By Rev. Cheryl A. Fear, Retired

A few years ago I officiated at the wedding of two dear friends. Instead of an honorarium, the bride asked if I would accept her gift of a labyrinth. I accepted with enthusiasm. We live in the country and have a little over an acre in which we can ramble. There is a small pond in front of our home with a willow tree that towers over it. We chose to place the labyrinth by this pond. The entrance to the labyrinth is flanked by two maple trees, and a red bench sits between the two trees facing the labyrinth. It is a tranquil, soothing setting.

labyrinthI am indebted to the builder of our labyrinth, Myra Corcorran, who provided a great deal of the information that follows. She gave us a scrapbook when we blessed The Labyrinth at Willow Pond (pictured to the right). Here is what I learned:

A labyrinth can be described as a walking meditation or path of prayer. Most are constructed in the form of a circle, symbolizing unity, oneness or wholeness. A single path labyrinth has a clear route to the center and back. Labyrinths are not the same as mazes. The maze is designed to be confusing. It is a puzzle. The labyrinth is not a puzzle. There are no “wrong turns”. As long as you follow the path, “the way”, it always leads to the center. Labyrinths are usually located outside so that we are placed in the midst of God’s Creation and in a position to “be awed”. They call us to withdraw from the fray and encourage us to be still so that we might avail ourselves of God’s presence and grace. Labyrinths encourage us to walk, to meditate, and to pray.

If you have not walked a labyrinth, the following guidelines may be helpful. If you are already familiar with the labyrinth, I hope they will be “reminders” for you.

There is no right way or wrong way to walk a labyrinth! It is often helpful to prepare yourself by sitting quietly and breathing calmly. Be aware of your body, your state of mind, and pay attention to the pace at which your body wants to travel the labyrinth. The labyrinth simply provides a place in which to become mindful of your thoughts, feelings, emotions, and place all that you are at that moment into God’s care. As you journey to the center, be open to the insights that God may reveal to you. You may stand, sit or kneel once in the center for a moment of silent contemplation. You may walk slowly or briskly. You may stop along the way or even skip or dance as you go. Generally there are three stages to walking a labyrinth:

  • Releasing on the way in.
  • Receiving in the center.
  • Returning from the center to the beginning.

No two times of walking the labyrinth are the same, even though I always begin the same way—by sitting on my bench, taking a few deep breaths, and lifting up to God whatever is on my heart at that time. If you find yourself being distracted by external sounds or by internal thoughts, lift them up in prayer, and continue walking.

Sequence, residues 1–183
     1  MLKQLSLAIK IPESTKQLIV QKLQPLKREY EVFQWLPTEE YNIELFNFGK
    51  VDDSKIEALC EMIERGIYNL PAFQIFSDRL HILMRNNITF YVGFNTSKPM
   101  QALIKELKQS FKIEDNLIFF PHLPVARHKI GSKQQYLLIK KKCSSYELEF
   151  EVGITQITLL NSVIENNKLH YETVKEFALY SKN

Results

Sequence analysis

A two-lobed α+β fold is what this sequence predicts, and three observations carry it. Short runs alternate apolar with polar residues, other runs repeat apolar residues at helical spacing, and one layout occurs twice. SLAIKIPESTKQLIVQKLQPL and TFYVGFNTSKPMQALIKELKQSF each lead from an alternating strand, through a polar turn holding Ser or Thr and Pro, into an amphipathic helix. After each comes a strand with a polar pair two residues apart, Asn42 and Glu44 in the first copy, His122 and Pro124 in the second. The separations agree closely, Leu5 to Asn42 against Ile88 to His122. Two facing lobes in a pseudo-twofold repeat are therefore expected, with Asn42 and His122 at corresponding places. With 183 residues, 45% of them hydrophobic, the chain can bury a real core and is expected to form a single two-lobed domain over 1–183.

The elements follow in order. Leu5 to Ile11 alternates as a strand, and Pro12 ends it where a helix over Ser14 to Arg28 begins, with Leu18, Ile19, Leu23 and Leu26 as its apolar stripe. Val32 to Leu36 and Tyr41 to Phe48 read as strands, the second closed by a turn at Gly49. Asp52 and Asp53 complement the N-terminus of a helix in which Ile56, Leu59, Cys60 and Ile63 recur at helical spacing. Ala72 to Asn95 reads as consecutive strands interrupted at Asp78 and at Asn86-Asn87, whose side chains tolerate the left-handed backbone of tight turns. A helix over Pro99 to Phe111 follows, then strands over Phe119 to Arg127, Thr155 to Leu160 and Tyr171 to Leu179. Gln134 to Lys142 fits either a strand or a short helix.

Stay on the path as it unfolds, being mindful of all that is presented to you in the moment. The path itself is leading you to the center. Arrival at the center is not the goal—rather experiencing the path as it unfolds with mindfulness, insight, and openness leads into deeper relationship with the Spirit and increased fruits of the Spirit.

Walking the labyrinth can be seen as a metaphor for our life in ministry. We are asked to remain true to our calling, to be open to the experiences of our ministry, and to reflect on them through prayer. As we faithfully walk the path set before us, we live more deeply into our baptism and experience God’s grace moment by moment. By placing our feet on the path, we also intentionally place ourselves within the embrace of God’s love and presence. May God guide, guard, and sustain you as you seek to walk the path God has set before you.

There are several labyrinths in my area, and I am sure there several in yours as well. Here are a few I know of:

  1. Stillpoint Retreat Center – 1625 Huntley Rd., Bellingham, WA
  2. St. Paul’s Episcopal Church – 2117 Walnut Street, Bellingham, WA3.
  3. Christ Lutheran, 5904 Vista Dr., Ferndale, WA
  4. Garden Street UMC – 1326 N. Garden Street, Bellingham, WA
  5. Grunewald Guild – 19003 River Rd., Plain, WA
  6. Labyrinth at Willow Pond – 5060 Hannegan, Rd., Bellingham, WA

You can also locate labyrinths near you through the following website:


  1. a great one at the Seattle Center, behind the Space Needle and in front of the Experience Music Project, on the blacktop at the NE corner of Center House. There is also a puzzle along the path to discern.

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